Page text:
To review the role of the Toll-like receptors (TLR) as the principal sensors used by the innate immune system in the context of the pathologic processes underlying sepsis and septic shock.
Through the Toll-like receptors, macrophages and other defensive cells “see” endotoxin (TLR4), peptidoglycan (TLR2), and bacterial DNA (TLR9). Representatives of the family predated the divergence of plants and animals and, at that time, had already acquired a defensive function. The strengths and liabilities of the innate immune system, which defends against infection and which also may cause shock and death, are rooted in its ancient origins. In the current era of shock research, the nature of the signals that Toll-like receptors transduce and the effects of genetic variation on microbial sensing are two major challenges.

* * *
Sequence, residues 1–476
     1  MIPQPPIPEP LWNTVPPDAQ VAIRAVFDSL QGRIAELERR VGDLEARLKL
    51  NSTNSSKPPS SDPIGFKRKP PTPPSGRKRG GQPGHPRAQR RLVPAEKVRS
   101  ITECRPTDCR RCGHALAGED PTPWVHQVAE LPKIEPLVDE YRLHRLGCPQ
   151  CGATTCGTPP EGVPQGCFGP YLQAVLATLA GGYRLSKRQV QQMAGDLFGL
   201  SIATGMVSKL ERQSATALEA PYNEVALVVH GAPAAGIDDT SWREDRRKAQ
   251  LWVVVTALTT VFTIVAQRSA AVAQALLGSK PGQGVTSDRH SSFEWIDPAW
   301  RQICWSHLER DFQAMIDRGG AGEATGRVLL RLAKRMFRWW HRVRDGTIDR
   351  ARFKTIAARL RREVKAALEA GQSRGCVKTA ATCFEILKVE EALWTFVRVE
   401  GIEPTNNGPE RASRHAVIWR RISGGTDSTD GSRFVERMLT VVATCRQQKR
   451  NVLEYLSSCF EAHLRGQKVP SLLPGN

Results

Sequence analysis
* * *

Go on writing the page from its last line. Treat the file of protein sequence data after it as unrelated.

From the Department of Immunology, The Scripps Research Institute, La Jolla, CA.
Presented, in part, at the Margaux Conference on Critical Illness, Margaux, France, November 8–12, 2000.
Address requests for reprints to: Bruce Beutler, MD, The Scripps Research Institute, Department of Immunology, IMM-31, 10550 N. Torrey Pines Road, La Jolla, CA 92037. E-mail: email@example.com
The possibility of blocking Toll-like receptor signal transduction by means of drugs that directly interact with the Toll/IL-1-related domain of different TLRs, or perhaps with the Toll/IL-1-related domain of the transducer MyD88, also beckons as a possible intervention to mitigate the untoward consequences of global innate immune activation.